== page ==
Search form

The article has been added to your library

Updated on 15/04/2013

ANSES and environmental health

Keywords : ANSES

ANSES's role with regard to environmental health and safety mainly involves conducting scientific expert assessments of the risks linked to chemicals, micro-organisms and physical agents found in the water, air, soil, food and items or objects for everyday use. 

Thanks to its wide scope of expertise, ANSES has a comprehensive view of the various forms of exposure to which people are subjected due to their lifestyles and consumption habits, which allows it to take into account specific situations causing over-exposure (pollution peaks, for example) as well as sensitivities in specific population groups or at specific periods of life (pregnancy, foetal development, infants, the elderly, etc.).  A presentation of our missions.

According to the World Health Organization (WHO), environmental health covers the aspects of human health, including quality of life, that are determined by physical, chemical, biological, social, psychosocial and aesthetic factors in our environment. It also addresses policies and practices for management, resolution, control and prevention of environmental factors that may affect the health of current and future generations.

This is a very broad definition that is interpreted in different ways by scientific expert appraisal bodies, research organisations, and risk management authorities.

The role of ANSES in the area of environmental health mainly involves scientific expert appraisal of risks associated with chemical substances, microorganisms or physical agents, present in our water, air, soil, and food, or in everyday consumer goods and products.

Given its wide scope of expertise, ANSES is able to develop an overall view of potential population exposure through lifestyle and consumption patterns, and to take into account situations of overexposure (pollution peaks for example), or the specific susceptibility of certain population groups or exposure at specific points in life, such as pregnancy, the foetal stage, infancy or old age.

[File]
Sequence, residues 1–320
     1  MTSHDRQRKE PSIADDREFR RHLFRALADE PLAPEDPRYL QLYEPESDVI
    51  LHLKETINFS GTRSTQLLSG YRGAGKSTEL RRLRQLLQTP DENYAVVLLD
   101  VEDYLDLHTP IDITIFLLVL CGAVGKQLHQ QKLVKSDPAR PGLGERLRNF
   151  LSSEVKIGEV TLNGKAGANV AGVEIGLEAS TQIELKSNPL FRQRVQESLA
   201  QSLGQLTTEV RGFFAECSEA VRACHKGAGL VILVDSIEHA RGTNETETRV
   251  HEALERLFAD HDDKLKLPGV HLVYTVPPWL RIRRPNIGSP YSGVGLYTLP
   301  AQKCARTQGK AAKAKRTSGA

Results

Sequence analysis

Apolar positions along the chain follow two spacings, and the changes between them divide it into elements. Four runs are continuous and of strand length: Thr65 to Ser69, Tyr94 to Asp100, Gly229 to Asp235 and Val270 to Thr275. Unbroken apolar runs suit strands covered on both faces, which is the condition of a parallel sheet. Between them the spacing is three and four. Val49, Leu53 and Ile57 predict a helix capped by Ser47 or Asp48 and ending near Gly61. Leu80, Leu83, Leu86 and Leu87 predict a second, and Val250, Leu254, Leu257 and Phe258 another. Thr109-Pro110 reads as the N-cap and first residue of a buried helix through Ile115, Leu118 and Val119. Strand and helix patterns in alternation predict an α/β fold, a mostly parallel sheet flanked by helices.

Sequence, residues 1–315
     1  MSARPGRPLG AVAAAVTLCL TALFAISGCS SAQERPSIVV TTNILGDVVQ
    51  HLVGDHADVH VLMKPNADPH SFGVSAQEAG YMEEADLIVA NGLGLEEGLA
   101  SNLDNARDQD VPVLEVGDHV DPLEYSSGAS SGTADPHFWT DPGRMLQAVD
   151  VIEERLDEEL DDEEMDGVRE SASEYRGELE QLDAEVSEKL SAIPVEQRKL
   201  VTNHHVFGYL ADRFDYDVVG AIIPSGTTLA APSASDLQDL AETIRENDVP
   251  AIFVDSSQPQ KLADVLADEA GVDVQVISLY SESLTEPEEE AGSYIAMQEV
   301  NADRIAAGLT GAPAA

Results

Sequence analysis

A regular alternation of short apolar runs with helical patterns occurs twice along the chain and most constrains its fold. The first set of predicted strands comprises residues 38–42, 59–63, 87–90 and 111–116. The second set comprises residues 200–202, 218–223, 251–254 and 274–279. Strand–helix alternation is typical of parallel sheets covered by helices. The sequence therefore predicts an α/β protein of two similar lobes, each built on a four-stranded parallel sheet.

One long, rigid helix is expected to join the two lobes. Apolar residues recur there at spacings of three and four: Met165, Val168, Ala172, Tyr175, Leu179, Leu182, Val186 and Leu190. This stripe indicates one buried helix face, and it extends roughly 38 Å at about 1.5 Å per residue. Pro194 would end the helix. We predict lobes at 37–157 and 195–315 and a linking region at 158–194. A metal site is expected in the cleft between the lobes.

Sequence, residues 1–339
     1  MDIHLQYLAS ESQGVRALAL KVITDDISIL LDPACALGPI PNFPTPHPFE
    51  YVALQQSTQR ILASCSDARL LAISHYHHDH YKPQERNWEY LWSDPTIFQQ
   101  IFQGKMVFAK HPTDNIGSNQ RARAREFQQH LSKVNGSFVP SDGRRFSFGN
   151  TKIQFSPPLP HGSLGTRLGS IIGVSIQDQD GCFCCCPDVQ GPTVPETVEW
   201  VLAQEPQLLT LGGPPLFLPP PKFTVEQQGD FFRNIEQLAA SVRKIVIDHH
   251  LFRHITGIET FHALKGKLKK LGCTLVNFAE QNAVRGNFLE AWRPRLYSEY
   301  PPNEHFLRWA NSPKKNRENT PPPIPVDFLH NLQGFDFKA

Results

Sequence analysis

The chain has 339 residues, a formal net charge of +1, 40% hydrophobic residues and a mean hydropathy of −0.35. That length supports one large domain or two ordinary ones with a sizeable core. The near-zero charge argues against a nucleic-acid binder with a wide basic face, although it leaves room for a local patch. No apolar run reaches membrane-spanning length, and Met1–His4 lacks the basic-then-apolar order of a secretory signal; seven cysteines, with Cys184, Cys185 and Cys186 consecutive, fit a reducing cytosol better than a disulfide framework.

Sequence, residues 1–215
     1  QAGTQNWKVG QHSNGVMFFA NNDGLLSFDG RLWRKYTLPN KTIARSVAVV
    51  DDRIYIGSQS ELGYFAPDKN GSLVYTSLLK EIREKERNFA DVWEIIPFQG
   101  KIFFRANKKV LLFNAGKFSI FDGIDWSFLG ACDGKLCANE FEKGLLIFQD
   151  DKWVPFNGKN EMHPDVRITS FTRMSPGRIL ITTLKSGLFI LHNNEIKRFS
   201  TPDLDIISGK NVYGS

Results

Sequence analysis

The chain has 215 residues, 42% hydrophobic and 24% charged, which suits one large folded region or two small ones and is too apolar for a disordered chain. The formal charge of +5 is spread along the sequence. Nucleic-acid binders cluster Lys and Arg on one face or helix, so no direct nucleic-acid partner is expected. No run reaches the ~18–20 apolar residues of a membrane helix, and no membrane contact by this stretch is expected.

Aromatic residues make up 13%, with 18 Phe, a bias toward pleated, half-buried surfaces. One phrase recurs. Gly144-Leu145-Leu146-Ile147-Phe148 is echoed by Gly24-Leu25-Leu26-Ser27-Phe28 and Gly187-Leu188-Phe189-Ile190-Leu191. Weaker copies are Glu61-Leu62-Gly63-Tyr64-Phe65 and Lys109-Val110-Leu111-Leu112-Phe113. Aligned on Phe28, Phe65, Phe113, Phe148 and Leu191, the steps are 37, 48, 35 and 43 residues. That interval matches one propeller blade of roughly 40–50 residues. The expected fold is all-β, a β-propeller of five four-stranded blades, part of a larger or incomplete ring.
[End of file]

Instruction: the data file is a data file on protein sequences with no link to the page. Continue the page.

This approach is particularly useful in the environmental health area because it enables the Agency to assess hazards, exposures and risks associated with different environments, including exposure specifically related to food or to the workplace. These aspects are developed elsewhere and are dealt with as separate topics. They are not discussed directly in this dossier.


Provide expert assessments on chemicals, their health effects and possible risks to human health

Concerns among the population about the health effects of chemicals are mirrored in the Agency via the expert appraisals it undertakes. By conducting these appraisals, ANSES provides the competent authorities with the expert information and scientific and technical support they need to evaluate the hazards of chemical substances and their potential risks to human health.

Within the framework of implementation of the European REACh (1) Regulation, ANSES proposes priorities to the respective supervisory ministries concerning the evaluation, authorisation, restriction, classification and labelling of chemical substances, and compiles dossiers for the substances identified, in support of the French competent authorities 

As part of the European CLP(2) Regulation, the Agency reviews dossiers on the classification, labelling and packaging of chemical products. 

ANSES is also tasked with assessing crop treatment products before and after they are placed on the market, determining maximum levels for residues in food, and evaluating biocides. In this role, the Agency specifically identifies the risks that the various products may pose for humans, animals and the environment.

Alongside these regulatory activities that take place before the substances are authorised, the Agency also assesses the risks associated with their presence in various environments, by integrating the question of the products’ uses and areas of application in its appraisal activities.

Developing knowledge on chemical substances, and the hazards they may pose, is a topic of major importance for the Agency and involves constant interactions between the areas of occupational health, environmental health, and food safety. Specifically, the objective is to establish a list of priority substances for expert appraisal, and to assess for each substance of interest:

  • potential hazards
  • uses
  • exposed populations
  • exposure levels
  • possible risks to human health
  • existing replacement products.


Establish reference values for chemical risks